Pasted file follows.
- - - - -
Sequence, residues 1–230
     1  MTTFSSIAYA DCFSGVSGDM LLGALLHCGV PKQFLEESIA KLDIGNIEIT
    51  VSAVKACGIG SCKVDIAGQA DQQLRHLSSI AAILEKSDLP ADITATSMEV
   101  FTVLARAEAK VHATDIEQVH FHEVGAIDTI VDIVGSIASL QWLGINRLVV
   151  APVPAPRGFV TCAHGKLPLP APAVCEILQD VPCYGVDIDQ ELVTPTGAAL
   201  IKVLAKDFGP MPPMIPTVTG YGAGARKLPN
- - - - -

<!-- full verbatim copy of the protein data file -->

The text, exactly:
Sequence, residues 1–230
     1  MTTFSSIAYA DCFSGVSGDM LLGALLHCGV PKQFLEESIA KLDIGNIEIT
    51  VSAVKACGIG SCKVDIAGQA DQQLRHLSSI AAILEKSDLP ADITATSMEV
   101  FTVLARAEAK VHATDIEQVH FHEVGAIDTI VDIVGSIASL QWLGINRLVV
   151  APVPAPRGFV TCAHGKLPLP APAVCEILQD VPCYGVDIDQ ELVTPTGAAL
   201  IKVLAKDFGP MPPMIPTVTG YGAGARKLPN